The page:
May 29, 2012
GAFM

I knew I said I was gone, and I intended to be. BUT GOD ALL FREAKIN’ MIGHTY!

Now, we’re trying to make a birther story for Mitt Romney???

C’mon, people: George Romney (Mitt’s father) was eligible to be elected President of the United States (had he won the nomination) despite having been born in Mexico for the same reason John McCain was eligible to have been elected President of the United States despite having been born in Panama: their parents were citizens of the United States when they were born. Which made them natural born citizens of the United States.

Which is why Barack Obama is legitimately able to serve as President of the United States no matter where he was born (which was in Hawaii): his mother was a citizen of the United States when he was born.

Get over it.

February 8, 2012
The Son is not the Father

Governor George Romney (R-Michigan, father of Mitt) was a passionate advocate for civil rights. Perhaps the most dramatic evidence of this passion came at the Republican National Convention in 1964, which was held, if you can believe it, in San Francisco.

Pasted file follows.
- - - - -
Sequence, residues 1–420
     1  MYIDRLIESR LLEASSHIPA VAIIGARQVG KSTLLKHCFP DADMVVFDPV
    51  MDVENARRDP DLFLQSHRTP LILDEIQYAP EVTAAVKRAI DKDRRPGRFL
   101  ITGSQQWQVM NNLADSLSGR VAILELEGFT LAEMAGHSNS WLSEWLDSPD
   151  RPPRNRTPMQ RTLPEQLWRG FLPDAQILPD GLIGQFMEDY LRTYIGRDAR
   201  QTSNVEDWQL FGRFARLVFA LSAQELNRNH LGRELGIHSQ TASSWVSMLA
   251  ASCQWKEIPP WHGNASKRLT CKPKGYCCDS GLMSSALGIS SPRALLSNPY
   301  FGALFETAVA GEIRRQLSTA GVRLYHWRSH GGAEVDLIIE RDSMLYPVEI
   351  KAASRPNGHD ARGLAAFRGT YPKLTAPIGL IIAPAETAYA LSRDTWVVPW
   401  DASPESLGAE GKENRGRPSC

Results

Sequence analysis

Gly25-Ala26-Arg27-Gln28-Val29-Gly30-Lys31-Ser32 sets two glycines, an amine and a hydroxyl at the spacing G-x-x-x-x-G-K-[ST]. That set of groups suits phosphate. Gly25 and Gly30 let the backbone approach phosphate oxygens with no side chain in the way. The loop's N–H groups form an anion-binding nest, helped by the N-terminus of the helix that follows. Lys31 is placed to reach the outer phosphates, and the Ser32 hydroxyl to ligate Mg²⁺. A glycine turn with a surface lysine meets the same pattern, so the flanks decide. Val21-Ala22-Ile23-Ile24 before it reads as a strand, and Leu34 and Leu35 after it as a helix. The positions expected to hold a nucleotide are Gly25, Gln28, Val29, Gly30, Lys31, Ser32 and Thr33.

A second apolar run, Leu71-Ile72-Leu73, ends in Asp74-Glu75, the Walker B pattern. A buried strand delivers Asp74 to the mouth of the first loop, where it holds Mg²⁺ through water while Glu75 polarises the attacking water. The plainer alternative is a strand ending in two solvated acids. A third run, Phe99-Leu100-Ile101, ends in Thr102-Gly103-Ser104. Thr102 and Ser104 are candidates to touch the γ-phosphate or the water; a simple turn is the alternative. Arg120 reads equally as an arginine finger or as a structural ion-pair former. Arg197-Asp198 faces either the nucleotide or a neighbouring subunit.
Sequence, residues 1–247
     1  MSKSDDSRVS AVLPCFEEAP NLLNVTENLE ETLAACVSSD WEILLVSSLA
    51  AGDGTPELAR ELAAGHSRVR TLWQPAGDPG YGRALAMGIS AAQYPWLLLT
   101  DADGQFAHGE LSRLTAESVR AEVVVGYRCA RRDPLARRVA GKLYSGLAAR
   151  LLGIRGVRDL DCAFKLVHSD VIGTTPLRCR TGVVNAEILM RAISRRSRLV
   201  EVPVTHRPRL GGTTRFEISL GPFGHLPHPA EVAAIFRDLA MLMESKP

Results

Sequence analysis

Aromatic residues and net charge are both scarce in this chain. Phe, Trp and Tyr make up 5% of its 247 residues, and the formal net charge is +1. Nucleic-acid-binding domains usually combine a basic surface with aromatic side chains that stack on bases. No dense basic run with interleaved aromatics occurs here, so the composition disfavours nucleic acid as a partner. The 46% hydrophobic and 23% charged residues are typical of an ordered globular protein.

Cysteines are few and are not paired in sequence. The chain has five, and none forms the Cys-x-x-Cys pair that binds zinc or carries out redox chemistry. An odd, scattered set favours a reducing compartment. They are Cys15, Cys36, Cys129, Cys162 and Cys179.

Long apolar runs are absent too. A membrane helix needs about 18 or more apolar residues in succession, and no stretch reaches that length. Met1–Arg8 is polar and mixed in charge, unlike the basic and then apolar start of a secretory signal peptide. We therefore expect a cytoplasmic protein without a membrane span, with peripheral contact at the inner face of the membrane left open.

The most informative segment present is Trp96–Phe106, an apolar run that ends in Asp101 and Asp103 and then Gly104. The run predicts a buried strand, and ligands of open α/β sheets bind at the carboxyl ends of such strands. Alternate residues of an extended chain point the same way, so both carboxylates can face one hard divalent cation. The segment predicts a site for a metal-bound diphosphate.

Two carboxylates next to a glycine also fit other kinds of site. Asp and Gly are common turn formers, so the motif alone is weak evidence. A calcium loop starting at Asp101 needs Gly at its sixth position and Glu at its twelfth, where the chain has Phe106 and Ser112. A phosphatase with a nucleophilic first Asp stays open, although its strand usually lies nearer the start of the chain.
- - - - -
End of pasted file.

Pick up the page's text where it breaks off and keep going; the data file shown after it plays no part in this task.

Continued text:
George Romney walked out of the convention when the party adopted a platform that he thought was too conservative on civil rights. The platform was written to suit arch-conservative Arizona Senator Barry Goldwater, who had won the party’s nomination for President. Goldwater thought the 1964 Civil Rights Act violated states’ rights—including, of course, their right to discriminate against African Americans through the system of Jim Crow. Romney disagreed and demonstrated his position by leaving the convention floor and going home.

Interestingly, Mitt Romney joined his father George in walking out of the convention. Mitt was a teenager, and left the convention when his father left. It was—and could be told again as—a dramatic symbol of the Romneys’ belief in opportunities for everyone in America.

Which leads me to the question: what do you think the chances are that Mitt Romney will walk out of the Republican National Convention this year if it passes a retrograde platform on civil rights and civil liberties? Or will pressure the convention to reflect passionate support for civil rights in America? 

Of course, the question is rhetorical. The son is not the father. We are all the worse for it.